Film review: The Lobster
"Like the diabolical spawn of Franz Kafka and Michael Haneke, the Greek filmmaker Yorgos Lanthimos sets unfortunate humans loose in mazes of arbitrary, absurd authority and films them with an indifference that borders on cruelty."
MUSIC review: Shara Worden'S You Us We All
"You Us We All is earnestly emotional, ironically contemporary, romantically archaic, alternately grandiose and precious, insolently devotional—in all, a bit much, but an irresistible confection all the same."
Art review: SARAH ANNE JOHNSON'S WONDERLAND at cam raleigh
"'My frustration with photography is that it shows only the surface,' Sarah Anne Johnson is quoted as saying in the catalogue for Wonderland. Instead, she tells the truth with visual lies, polluting documentary with a filigree of fantasy and aggressive subjectivity."
MUSIC review: JENS LEKMAN'S AN ARGUMENT WITH MYSELF
"Of all the lovable things about Jens Lekman, my favorite is how he tosses banana peels on the paths of conventional taste. Seldom does such wonderful music sound so comically awful when you try to describe it to someone."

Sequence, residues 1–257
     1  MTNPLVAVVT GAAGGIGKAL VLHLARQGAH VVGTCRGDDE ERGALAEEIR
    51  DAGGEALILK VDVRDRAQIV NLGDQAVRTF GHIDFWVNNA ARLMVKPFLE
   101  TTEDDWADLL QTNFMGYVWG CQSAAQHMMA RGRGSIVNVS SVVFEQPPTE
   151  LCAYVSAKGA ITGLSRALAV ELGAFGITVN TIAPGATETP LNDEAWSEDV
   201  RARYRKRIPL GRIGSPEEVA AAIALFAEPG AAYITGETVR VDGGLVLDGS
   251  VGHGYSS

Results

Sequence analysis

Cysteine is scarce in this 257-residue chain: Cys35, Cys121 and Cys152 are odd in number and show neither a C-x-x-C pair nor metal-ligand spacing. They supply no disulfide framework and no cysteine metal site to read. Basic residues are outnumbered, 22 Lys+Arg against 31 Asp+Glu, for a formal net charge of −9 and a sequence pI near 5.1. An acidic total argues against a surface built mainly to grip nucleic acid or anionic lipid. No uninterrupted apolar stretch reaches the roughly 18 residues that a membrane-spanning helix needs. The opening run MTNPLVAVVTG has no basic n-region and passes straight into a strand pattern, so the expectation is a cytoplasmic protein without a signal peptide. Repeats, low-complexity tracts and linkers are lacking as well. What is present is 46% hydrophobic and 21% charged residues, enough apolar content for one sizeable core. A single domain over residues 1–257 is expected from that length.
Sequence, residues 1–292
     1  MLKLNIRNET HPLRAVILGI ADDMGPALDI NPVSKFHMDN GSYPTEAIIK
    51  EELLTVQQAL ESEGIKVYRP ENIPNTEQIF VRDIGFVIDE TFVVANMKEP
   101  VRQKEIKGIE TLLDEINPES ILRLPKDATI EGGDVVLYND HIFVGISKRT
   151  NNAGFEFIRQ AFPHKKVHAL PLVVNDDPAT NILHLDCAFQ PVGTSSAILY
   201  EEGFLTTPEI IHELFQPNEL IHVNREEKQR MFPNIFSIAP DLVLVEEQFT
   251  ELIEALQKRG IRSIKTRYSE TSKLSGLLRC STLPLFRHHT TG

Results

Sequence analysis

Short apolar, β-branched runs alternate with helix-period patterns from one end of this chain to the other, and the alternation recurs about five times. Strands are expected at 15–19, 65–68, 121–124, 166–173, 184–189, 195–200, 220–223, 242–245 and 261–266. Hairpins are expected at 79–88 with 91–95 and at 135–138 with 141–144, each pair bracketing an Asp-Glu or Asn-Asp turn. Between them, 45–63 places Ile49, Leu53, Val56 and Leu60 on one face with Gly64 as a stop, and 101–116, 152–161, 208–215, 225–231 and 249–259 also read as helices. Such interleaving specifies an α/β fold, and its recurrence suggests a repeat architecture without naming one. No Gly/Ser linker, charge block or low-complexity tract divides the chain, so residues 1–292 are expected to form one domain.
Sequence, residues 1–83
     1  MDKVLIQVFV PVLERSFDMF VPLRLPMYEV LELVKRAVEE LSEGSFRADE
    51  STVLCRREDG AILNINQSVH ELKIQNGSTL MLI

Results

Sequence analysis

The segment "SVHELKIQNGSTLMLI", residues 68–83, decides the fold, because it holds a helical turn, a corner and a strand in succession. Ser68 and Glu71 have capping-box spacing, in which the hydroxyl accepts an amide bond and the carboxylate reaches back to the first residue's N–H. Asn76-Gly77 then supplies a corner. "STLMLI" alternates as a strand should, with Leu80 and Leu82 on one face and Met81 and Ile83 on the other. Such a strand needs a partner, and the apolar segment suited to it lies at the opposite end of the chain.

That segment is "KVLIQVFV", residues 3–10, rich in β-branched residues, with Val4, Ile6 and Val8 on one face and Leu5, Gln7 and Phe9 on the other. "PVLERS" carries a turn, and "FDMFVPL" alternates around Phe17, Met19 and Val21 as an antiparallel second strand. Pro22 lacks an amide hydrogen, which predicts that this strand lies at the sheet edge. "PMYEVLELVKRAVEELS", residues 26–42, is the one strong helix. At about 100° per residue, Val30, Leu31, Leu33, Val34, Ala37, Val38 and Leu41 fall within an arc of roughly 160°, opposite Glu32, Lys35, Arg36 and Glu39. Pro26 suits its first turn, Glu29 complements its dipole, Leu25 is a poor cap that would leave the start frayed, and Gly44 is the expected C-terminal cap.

Art review: Miró: The Experience of Seeing at the nasher museum of art
"Miró's greatest legacy is in paintings and sculptures that are a joy to behold whether or not you know much about them. We now read about André Breton more than we read his actual works, but we still want to look at Miró."
Book review: The Collected Stories of Lydia Davis
"The Collected Stories of Lydia Davis is done up in a radioactive-salmon color that belies the decisive eradication of flash in her unique blend of micro-fiction, prose poetry, philosophic inquiry, feminist critique and dark social comedy. The best literary precedent is Samuel Beckett, but this only gets you so far."
Music review: Jawbreaker's Unfun
"Jawbreaker straddled a pivotal moment when emo was a 'core': halfway between insult and genre, hardcore and pop, underground and mainstream."
Music review: Laurie Anderson's homeland
"'Another Day in America' is the album's huge, dark heart ... The oration is a vortex of visionary proclamations, pointed fables, downbeat jokes. It makes palpable not only all the pathos and superstition of the American psyche, but the weight of time passing away, another diminishing resource."
Music review: Richard Buckner's bloomed, The HILL, and Impasse
"We see windows and phones, highways and fields, charged with potency like crime scene photos. Mercurial, emotional abstractions stand in for stories, rendered with the telegraphic flicker of dreams, and flat, unmoored syntax in search of some missing referent."